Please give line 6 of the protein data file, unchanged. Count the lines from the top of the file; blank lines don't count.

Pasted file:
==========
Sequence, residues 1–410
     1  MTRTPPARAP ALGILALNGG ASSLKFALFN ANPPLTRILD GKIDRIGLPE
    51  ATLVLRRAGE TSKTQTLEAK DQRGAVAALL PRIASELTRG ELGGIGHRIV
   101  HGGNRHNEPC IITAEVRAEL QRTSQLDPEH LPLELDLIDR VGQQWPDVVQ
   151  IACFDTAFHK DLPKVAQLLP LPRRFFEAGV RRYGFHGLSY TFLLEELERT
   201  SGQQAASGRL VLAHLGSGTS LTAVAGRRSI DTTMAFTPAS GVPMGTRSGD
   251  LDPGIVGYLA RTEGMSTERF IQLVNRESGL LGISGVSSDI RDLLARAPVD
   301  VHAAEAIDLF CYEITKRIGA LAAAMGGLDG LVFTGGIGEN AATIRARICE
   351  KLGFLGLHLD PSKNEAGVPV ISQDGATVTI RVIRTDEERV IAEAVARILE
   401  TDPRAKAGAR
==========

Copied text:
   201  SGQQAASGRL VLAHLGSGTS LTAVAGRRSI DTTMAFTPAS GVPMGTRSGD